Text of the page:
When it comes to your lease agreement, there are many things for you to understand and know. Things like certain requirements of yourself, as well as requirements that your property management company should be living up to. Because lease agreements have so much information in them, many people pass up reading what’s in their contract. If you happen to be one of these people, you might be surprised to find out that in some cases tenants may be required to shovel their own snow. Here’s what you need to know.
- Landlords have the option to require you to shovel your own snow, but if they should put it in your lease that it’s your job, then you must abide by your contract and clear sidewalks and walkways of any snow and ice. Keep in mind that it is in the landlord’s best interest to compensate you for performing the task of snow shoveling and salting. The details of your compensation must be clearly stated either in your lease agreement, or in a separate agreement specifically pertaining to snow shoveling and salting.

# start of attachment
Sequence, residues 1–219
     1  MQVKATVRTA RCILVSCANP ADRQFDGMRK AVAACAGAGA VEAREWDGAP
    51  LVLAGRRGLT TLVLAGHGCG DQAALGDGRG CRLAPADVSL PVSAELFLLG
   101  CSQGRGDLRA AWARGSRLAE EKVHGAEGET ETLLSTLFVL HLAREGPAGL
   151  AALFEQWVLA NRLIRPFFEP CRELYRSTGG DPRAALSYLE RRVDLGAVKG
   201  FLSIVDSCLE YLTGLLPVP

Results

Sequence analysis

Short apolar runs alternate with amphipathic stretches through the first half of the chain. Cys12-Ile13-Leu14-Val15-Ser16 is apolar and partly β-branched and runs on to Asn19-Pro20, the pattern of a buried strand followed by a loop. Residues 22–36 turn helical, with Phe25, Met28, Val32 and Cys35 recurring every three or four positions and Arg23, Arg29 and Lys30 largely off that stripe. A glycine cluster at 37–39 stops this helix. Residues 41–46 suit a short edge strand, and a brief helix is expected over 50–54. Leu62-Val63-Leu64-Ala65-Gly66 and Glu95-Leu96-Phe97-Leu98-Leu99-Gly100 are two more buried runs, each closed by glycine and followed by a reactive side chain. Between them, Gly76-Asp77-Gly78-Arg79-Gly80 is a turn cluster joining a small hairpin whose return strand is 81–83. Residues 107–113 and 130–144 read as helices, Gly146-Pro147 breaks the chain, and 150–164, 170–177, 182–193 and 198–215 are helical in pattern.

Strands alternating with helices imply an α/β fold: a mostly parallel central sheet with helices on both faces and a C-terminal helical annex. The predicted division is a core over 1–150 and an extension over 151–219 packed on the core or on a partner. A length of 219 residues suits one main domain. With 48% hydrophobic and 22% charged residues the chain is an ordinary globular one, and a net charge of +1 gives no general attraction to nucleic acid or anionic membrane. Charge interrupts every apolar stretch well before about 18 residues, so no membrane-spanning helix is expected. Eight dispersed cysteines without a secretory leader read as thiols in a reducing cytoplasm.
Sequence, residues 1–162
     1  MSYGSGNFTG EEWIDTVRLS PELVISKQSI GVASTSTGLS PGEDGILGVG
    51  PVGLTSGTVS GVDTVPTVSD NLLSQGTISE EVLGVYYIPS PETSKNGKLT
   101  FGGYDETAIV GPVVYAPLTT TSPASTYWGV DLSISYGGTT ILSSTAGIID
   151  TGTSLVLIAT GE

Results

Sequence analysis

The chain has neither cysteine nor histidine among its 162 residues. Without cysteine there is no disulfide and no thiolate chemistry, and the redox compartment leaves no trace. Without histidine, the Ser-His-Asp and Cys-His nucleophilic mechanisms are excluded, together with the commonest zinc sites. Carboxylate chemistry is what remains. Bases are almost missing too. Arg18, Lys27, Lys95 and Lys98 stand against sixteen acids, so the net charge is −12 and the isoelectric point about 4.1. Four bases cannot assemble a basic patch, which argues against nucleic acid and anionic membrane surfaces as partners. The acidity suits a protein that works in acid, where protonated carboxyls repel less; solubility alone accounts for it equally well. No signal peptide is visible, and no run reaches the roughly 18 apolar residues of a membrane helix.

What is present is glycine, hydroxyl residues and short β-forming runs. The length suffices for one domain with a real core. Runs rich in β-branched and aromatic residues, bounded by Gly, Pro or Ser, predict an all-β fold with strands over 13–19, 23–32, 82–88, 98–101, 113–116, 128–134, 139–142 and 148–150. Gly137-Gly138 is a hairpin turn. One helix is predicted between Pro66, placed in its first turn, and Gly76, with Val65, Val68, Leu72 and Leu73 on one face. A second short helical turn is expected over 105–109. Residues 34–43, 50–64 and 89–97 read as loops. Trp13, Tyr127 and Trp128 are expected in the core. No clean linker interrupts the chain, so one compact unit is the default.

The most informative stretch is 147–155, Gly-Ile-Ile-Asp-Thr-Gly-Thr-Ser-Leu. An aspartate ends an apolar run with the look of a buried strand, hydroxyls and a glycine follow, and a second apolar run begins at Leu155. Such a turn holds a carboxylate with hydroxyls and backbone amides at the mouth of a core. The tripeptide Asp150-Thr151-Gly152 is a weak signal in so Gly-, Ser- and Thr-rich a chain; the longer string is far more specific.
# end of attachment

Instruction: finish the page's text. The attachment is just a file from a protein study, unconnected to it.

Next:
- If someone should slip and fall and get injured from the snow on the walkway, they can sue the property owner. However, if your landlord states in your lease agreement or in a side agreement that the tenant has been hired (for adequate compensation) to perform snow shoveling and salting at the property, you may be liable for litigation.
- If a contractual agreement is not made for snow removal, then it remains the responsibility of the landlord, making them liable for any personal injury that anyone suffers on their property.
Shoveling snow isn’t exactly an easy task, but it’s certainly not difficult for an able bodied tenant. For those tenants with extenuating circumstances, an agreement could potentially be found when it comes to snow removal on the rental property. If you’re a landlord and you’re looking to draw up a lease agreement, as well as need help with your rental property, contact Bridgeway Property Management.